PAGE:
Next, if you are going to sous vide your porchetta, put your porchetta in a vacuum bag and seal. If you’re not into sous vide or don’t have a sous vide setup look at the notes at the end for roasting instructions.

© 2012 REMCooks.com

Place the bag in a 68 C/155 F water bath and let cook for 36 hours. Yes, that’s right. I said 36 hours! Put it in the water bath and forget about it for a day and a half.

© 2012 REMCooks.com

After 36 hours remove the porchetta from the watery bath and immediately immerse into an ice bath. You will notice the juice in the bag immediately congeals.  When cooled, remove it from the ice bath, remove the porchetta from the vacuum bag and remove the congealed juices (also known as aspic) from the porchetta and reserve for the sauce. Because I don’t have a full deep fat fryer or a turkey fryer, I had to cut the porchetta into two pieces. This is a good thing because there is no way Baby Lady, Quickstep and I could possibly eat this much food. So we froze the other half to finish later.

© 2012 REMCooks.com

Next, I heated some oil/lard in my trusty wok to 400 F. We then fried the pork loin Chinese style in the wok pouring hot oil over the top while it is frying.

© 2012 REMCooks.com

When done, remove from the oil and set aside. Take the congealed juice, heat it over medium heat, add 1 Tbsp of dijon mustard and incorporate. Slice the porchetta and heat slice in a nonstick pan to get the meat to serving temperature. Serve with sauce and enjoy! We certainly did.

© 2012 REMCooks.com

NOTES: If you want to try this but don’t have a sous vide setup don’t apply the salt and baking soda at the point in the manner of sous vide cooking. Instead, place the assembled pork in your refrigerator for 24 hours to allow it to air dry (48 hours works better if you can wait that long). Then, remove from the refrigerator and allow it to sit at room temperature for 2 hours. Preheat your oven to 500°. Season porchetta generously with the salt and baking soda mix. Roast on rack in baking sheet, turning once, for 40 minutes. Reduce heat to 300° and continue roasting, rotating the pan and turning porchetta occasionally, until reach a temperature 145° F, roughly 1-1/2 to 2 hours more. If skin is not yet deep brown and crisp, increase heat to 500° and roast for 10 minutes more. Let rest for 30 minutes before carving.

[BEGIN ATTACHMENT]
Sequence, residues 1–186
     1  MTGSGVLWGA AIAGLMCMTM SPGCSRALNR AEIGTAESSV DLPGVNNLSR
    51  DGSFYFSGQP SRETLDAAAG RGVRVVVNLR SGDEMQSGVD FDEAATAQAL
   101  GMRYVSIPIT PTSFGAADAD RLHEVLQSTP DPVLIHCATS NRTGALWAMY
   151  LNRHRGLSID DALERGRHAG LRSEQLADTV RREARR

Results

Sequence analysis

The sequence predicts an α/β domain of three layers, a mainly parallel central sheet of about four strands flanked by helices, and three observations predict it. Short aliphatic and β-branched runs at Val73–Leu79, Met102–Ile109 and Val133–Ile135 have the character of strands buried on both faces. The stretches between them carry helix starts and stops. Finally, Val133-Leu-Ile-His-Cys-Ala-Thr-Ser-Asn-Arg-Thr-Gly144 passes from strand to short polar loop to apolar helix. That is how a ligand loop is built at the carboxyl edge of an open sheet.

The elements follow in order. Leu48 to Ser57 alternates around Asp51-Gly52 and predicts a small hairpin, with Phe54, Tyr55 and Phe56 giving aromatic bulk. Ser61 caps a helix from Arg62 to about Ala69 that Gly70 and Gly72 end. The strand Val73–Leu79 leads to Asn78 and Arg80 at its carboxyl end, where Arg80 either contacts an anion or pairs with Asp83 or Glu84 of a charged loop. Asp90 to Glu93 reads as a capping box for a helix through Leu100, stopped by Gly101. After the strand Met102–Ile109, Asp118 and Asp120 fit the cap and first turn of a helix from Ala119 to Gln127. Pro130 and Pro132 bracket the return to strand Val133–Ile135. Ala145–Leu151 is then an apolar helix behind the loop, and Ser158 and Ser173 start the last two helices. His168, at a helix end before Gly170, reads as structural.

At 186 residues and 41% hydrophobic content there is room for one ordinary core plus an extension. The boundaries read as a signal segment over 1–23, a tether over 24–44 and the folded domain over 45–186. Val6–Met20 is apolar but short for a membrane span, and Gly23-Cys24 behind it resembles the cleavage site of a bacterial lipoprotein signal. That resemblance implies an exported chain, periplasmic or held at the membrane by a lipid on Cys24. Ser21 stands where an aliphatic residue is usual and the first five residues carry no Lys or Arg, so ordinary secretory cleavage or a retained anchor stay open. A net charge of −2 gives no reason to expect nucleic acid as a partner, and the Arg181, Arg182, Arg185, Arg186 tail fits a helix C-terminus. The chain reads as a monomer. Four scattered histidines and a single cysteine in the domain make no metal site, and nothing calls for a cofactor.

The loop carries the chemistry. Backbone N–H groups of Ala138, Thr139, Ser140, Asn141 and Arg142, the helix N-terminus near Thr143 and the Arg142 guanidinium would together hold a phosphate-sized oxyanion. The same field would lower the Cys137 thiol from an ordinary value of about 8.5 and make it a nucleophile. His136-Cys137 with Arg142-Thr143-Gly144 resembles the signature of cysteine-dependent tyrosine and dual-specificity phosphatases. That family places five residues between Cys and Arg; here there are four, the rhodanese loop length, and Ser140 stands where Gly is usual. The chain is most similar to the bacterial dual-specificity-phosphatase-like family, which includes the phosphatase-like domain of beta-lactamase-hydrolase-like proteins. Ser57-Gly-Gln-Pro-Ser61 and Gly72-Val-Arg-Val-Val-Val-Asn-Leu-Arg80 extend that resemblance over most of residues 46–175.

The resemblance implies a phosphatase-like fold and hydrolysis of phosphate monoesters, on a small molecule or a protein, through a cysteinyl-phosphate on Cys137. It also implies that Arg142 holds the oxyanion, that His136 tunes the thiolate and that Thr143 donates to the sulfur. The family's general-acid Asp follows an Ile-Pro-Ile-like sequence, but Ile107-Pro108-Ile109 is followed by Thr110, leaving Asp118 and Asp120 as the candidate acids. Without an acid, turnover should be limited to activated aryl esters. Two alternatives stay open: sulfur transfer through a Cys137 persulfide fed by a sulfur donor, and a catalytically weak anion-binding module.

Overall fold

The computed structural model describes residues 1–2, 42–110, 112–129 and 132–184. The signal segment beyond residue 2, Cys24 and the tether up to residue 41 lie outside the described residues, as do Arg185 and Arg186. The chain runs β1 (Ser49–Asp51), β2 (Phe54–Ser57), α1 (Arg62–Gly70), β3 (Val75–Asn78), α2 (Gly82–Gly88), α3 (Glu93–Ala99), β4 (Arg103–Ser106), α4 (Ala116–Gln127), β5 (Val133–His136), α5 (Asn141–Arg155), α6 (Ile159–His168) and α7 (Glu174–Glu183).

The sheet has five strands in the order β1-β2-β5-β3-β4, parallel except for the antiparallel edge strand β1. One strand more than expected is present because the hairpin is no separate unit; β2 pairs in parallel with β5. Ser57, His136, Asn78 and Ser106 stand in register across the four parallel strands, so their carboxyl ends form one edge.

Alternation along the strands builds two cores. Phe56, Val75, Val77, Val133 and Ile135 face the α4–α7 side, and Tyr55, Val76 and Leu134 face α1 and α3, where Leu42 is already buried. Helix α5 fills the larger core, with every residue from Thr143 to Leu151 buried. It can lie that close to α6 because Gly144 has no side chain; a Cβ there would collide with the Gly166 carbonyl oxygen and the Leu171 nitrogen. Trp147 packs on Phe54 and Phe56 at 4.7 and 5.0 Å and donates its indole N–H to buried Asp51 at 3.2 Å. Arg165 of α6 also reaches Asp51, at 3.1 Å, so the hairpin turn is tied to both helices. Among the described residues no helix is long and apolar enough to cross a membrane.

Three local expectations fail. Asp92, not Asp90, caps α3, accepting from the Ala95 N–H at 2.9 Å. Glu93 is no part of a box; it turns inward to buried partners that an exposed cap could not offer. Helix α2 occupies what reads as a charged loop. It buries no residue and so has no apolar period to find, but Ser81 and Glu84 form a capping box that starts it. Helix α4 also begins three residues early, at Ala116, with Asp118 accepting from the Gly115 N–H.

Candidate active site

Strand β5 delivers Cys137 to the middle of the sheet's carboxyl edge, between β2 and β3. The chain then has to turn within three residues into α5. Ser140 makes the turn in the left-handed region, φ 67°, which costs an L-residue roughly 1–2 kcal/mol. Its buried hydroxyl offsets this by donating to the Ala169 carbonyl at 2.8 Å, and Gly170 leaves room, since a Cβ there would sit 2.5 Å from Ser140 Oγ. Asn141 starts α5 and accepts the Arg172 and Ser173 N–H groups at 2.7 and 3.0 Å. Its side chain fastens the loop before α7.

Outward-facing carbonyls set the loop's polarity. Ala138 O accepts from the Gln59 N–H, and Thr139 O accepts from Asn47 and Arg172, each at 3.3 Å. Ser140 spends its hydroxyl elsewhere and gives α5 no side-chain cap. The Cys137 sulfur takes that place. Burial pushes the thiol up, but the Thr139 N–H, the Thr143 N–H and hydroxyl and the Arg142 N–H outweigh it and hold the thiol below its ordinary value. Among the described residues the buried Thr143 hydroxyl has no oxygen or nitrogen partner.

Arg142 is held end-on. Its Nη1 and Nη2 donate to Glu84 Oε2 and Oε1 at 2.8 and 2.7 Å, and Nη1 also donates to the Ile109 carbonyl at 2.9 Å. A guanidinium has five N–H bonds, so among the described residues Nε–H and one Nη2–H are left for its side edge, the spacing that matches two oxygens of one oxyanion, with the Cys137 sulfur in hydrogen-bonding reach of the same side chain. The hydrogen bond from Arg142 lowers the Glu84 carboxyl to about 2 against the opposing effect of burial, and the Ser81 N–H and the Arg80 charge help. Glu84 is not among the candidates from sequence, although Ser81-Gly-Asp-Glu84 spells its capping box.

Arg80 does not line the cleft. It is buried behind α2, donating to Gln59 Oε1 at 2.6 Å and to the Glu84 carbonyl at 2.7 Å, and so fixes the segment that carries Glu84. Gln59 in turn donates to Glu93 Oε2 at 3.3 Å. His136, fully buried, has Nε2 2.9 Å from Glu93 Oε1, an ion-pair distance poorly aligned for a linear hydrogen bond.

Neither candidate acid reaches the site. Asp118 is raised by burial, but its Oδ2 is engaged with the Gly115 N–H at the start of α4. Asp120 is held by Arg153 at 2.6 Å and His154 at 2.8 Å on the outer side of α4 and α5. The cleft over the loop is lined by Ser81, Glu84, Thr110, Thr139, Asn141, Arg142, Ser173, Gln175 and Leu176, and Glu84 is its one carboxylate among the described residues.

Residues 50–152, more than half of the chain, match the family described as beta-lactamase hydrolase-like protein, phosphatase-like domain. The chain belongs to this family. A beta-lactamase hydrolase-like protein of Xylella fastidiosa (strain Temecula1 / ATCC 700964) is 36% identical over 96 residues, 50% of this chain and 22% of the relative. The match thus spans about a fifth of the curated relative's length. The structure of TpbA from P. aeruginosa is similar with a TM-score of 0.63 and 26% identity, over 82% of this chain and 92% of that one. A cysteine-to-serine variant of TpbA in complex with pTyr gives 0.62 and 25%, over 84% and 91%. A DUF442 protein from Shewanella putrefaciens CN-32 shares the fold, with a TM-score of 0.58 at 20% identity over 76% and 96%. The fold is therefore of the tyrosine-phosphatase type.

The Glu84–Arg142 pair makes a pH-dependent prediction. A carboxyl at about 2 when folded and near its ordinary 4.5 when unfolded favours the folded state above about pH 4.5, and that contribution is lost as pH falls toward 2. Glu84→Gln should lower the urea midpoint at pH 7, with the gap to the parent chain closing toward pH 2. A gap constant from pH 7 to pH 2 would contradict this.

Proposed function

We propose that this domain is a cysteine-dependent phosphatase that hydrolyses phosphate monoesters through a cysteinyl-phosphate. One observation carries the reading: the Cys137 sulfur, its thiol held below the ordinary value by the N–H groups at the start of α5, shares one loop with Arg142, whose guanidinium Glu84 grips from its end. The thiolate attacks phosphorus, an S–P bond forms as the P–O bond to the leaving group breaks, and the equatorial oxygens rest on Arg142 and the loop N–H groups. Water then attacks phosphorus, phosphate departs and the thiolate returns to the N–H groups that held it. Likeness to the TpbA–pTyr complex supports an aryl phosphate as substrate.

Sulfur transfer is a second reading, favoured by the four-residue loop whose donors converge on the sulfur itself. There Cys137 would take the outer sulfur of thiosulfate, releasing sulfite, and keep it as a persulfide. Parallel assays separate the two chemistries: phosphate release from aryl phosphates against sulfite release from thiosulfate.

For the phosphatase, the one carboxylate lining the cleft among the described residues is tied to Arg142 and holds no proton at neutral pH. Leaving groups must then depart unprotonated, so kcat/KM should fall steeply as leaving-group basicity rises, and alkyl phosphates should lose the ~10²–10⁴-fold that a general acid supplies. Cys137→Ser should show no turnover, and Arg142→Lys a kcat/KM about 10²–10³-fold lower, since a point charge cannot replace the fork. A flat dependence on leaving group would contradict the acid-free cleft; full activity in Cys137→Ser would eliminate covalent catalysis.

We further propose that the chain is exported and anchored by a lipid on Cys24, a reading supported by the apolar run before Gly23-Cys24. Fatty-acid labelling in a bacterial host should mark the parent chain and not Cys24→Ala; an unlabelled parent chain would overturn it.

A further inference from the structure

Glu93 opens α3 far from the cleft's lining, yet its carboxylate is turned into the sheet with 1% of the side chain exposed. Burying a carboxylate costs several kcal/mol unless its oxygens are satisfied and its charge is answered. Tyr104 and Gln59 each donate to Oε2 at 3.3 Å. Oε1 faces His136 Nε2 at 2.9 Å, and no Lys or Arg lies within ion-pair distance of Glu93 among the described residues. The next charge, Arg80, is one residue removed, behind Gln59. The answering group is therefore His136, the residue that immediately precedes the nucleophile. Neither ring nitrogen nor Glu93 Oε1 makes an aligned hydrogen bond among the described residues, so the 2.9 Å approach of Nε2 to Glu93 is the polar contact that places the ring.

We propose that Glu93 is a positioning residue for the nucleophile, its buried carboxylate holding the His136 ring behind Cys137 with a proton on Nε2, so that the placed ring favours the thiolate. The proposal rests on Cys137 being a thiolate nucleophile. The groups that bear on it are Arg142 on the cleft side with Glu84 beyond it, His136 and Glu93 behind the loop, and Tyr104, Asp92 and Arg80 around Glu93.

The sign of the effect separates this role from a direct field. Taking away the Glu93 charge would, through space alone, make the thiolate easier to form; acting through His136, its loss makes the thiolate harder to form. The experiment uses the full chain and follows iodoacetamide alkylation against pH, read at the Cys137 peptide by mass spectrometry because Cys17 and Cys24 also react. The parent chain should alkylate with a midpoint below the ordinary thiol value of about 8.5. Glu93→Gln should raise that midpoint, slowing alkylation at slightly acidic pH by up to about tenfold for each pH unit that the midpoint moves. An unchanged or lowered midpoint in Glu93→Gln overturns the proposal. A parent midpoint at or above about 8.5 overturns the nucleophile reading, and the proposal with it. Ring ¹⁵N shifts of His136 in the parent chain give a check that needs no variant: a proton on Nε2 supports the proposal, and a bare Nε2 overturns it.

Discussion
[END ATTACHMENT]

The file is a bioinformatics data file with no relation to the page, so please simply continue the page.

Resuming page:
23 thoughts on “Porchetta Sous Vide”

    1. Thanks for the compliment. 🙂 Frying was the messy part. It always is. I’m going to break down and buy a turkey fryer as it does a much better job forming the crust and there isn’t nearly the mess to clean up. My cardiologist is just going to bitch at me.

        1. Yep. People do some really stupid things with turkey fryers. I’m a fire lawyer and have seen all kinds of things. My wife is stunned I’m even talking about getting a turkey fryer. 😮

  1. I love porchetta, although my family’s method of preparing it has changed over the years. Last winter, i prepared one the “old” way, much to the surprise of my Zia. This winter i’ll prepare one in one of the “new” ways. Rest assured, none will be cooked sous vide. I’ll leave that for someone in the next generation to discover and try. I’ll leave a note telling them to come here if they want to learn how it’s done. I’ll include that last picture. If that doesn’t get them here, nothing will. Well done!

    1. Hi John. Thanks for your nice compliment. I just noticed your recipe for porchetta from last winter. It looks and sounds wonderful. I also loved the part about your Zia and Uncle having one prepared for their wedding reception and the local bakery allowing them to use their oven to cook it. Pretty sweet.

  2. I wish I was your neighbor and could take a little taste. It must have been mouthwatering good. What sous vide machine do you have?